Node autoscaling?


I havent seen this addressed and a quick search came up empty. Will R2 provide for a way of scaling nodes themselves?

I understand that K8s will typically take care of scaling deployment groups, re-assigning pods to nodes, etc (something which is currently not possible with 1.6 & cattle without some api and external hacking), but will Rancher be able to work with autoscaling the nodes themselves?

I assume this is either there or coming soon? (i.e. to help autohealing of a cluster as well as scaling).


This is not in-scope for 2.0[.0]. We will look at priorities again after 2.0 is done.

HI @vincent thanks for the info…

I watched last years last Rancher 2 webcast as well as the one for the Tech preview launched a couple of weeks ago…

I understood (I think) a lot of the idea of rancher 2, in managing (creating?) multiple clusters in multiple operating scenarios (from minikube to aws, google, azure, bare metal etc), as well as creating a single authentication layer (which is really cool and useful in a bunch of use-cases, but less so if you dont expect to be creating different clusters all around the place)… Nonetheless I’m a bit unsure of what the Rancher layer is going to bring to the table for now…

In Rancher 1 this was very clear for me, it allowed easy scaling of workloads, the container networking, service/stack management & deployment, upgrades (rolling, blue green, etc, etc), and with Rancher 2 this isnt too clear for me? Do you have a document, video, post or something I can use to check that?

As we are considering our move to production containers I really like cattle and its options (despite missing a couple of features that would be useful), but when considering K8s I’m having a bit more trouble reasoning with the team about the benefits of including rancher? Am I correct in that the app lifecycle in Rancher 2 is handled directly in K8s? (The examples all show using kubectl directly for creating and altering apps)…

Thanks for clearing this up for me!

Yes workloads are directly managing the relevant k8s resources. The project-level stuff like workloads is the least complete in the preview, but also a fairly known quantity as far as what we need to finish.

In native k8s RBAC and things like secrets can only be assigned at a namespace level, and if you work with it for a while switching between namespaces and managing the same secret in multiple namespaces etc becomes a lot of overhead. So Rancher adds the concept of Project as a set of namespaces to which users can be assigned RBAC roles to and create resources like secrets that are shared across all the associated namespaces. There is also generally finer-grained control over what people can do within a Project/Environment beyond the 4 previous levels of Owner/Member/Restricted/Read-Only.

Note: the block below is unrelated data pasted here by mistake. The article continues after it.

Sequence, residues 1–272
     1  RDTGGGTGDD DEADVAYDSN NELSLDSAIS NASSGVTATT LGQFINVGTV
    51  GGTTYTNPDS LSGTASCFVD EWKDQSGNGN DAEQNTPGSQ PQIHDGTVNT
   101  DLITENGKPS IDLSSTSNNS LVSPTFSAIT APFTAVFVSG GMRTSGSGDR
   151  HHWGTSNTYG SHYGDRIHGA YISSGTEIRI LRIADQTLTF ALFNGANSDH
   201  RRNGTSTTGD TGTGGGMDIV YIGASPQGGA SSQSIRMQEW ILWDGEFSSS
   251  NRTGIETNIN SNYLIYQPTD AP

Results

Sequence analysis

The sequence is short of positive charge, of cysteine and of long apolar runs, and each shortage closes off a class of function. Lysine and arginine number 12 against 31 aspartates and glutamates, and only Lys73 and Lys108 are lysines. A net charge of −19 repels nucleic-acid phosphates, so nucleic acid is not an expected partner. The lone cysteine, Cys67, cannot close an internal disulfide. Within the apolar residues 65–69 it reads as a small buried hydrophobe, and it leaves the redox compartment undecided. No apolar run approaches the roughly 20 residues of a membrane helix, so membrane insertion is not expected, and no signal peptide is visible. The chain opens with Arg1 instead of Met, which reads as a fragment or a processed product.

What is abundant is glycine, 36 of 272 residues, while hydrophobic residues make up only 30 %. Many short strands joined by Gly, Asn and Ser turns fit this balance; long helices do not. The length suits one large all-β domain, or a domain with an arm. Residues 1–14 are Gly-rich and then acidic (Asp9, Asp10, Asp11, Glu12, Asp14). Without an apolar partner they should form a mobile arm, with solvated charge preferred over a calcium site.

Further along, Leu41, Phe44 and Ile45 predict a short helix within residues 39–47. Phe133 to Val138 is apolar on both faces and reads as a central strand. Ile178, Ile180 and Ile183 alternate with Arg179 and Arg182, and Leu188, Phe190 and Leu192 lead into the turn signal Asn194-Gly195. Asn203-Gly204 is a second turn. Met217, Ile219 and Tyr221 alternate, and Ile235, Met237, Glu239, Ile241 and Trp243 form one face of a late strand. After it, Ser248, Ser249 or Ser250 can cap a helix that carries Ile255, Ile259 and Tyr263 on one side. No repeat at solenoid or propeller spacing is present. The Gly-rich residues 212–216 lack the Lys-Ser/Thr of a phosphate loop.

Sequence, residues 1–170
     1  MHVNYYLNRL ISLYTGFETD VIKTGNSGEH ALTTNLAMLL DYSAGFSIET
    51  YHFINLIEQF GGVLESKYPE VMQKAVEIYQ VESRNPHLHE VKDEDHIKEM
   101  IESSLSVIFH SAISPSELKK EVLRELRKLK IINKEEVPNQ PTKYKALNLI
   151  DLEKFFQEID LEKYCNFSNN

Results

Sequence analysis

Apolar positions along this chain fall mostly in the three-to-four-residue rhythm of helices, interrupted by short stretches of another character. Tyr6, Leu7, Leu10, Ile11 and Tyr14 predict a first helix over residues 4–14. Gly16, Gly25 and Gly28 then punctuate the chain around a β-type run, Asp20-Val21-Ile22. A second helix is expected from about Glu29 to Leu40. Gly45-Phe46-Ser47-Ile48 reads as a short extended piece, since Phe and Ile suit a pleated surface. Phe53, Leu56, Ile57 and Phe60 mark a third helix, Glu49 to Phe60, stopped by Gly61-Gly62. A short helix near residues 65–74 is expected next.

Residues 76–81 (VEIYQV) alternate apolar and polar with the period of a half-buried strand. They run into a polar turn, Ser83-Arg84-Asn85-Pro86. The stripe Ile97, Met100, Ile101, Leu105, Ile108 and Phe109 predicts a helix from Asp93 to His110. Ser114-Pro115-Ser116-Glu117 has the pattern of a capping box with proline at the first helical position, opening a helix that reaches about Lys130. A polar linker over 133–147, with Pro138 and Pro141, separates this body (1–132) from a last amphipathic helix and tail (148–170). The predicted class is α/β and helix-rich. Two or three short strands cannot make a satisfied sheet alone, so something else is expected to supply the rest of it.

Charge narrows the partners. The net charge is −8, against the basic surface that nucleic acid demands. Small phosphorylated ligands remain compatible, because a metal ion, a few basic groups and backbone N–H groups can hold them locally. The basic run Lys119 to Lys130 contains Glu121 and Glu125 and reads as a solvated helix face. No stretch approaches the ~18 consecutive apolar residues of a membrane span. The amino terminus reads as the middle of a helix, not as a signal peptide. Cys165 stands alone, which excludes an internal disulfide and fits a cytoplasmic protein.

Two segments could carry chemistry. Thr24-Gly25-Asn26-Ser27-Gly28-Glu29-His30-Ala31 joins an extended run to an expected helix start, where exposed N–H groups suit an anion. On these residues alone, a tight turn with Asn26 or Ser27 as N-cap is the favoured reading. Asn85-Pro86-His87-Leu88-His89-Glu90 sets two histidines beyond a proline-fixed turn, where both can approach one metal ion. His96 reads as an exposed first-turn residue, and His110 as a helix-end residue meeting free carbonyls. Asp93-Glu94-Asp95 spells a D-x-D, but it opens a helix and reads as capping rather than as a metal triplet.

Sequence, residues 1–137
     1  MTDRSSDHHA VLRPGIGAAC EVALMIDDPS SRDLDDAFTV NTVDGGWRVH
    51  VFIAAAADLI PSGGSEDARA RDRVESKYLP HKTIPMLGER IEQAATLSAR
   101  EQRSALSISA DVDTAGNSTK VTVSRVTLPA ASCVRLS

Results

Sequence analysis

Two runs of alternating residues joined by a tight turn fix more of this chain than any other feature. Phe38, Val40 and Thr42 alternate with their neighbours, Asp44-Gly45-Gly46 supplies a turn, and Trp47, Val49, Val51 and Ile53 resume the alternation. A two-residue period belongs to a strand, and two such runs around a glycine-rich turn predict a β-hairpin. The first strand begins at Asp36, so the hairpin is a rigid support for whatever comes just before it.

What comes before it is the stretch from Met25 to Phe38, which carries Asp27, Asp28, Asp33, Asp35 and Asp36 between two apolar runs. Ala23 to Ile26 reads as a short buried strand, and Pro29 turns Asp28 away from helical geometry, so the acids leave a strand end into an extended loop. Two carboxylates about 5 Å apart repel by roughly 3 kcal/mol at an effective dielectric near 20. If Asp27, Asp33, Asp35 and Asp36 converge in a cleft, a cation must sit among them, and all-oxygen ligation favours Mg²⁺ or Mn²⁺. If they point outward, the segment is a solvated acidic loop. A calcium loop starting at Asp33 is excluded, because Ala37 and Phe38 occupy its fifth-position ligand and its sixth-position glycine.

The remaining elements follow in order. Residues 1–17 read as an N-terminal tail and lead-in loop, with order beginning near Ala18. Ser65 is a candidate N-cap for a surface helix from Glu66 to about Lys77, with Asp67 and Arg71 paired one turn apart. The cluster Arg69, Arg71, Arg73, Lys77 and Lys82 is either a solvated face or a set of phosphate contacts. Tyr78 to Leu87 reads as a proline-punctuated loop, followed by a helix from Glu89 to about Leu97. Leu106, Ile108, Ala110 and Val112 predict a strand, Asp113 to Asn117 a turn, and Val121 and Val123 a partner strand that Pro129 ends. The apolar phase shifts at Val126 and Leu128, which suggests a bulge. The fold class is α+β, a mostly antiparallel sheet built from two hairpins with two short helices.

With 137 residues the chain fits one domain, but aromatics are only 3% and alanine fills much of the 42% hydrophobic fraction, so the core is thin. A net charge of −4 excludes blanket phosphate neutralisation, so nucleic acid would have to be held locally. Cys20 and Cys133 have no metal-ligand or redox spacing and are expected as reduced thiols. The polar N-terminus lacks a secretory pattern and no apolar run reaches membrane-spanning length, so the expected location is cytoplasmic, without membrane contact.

And then there’s UI/CLI/Compose files/API similar to Cattle in 1.x providing a lightly-opinionated way to do almost everything while hiding a lot of the complexity of k8s. For example when you add a Workload you pick how you want to scale it and what volumes you want like in 1.x. You don’t need to know about (or know the nuanced difference between) a Deployment, Replica Set, Daemon Set, Replication Controller, Job, and Pod.

Rough mapping from 1.x/Cattle:

  • Host -> Node
  • Clusters: new, they “own” the hosts now instead of being tied to a single Environment
  • Environment -> Project (which is what it was called in the API all along), but projects belong to a cluster and share the hosts of that cluster
  • Stack -> Namespace
  • Service -> Workload
  • Container(+ associated sidekicks) -> Pod

I’m in the same boat. I’ve recently dived into Kubernetes Engine and am struggling to understand why I need Rancher now. It’s pretty dead simple and has a great UI.

Secrets across namespaces aren’t an issue if you create node pools. I see access control being far superior in Rancher but I’d imagine this isn’t a big issue for most Rancher users like me. Honestly I’m in love with the slickness and simplicity of Google Kubernetes Engine.

Well the obvious thing would be that not everybody wants to run their code on GCP and be tied to Google. We are agnostic, Google is one option. And if you’re talking about anything beyond create cluster I don’t even know how to respond to comparing their mostly read-only UI and occasional YAML editor to our UI, even with half of it broken in preview…

Secrets are tied to a namespace, if you have ten namespaces that all need an API key or whatever you need to create ten separate copies of it. Projects own a set of namespaces and can push a single secret (or role binding, etc) that you manage down to all the namespaces. This has nothing to do with nodes.

You may not care about auth integration and RBAC if you’re one person with one cluster, but it is a large problem for medium-large companies.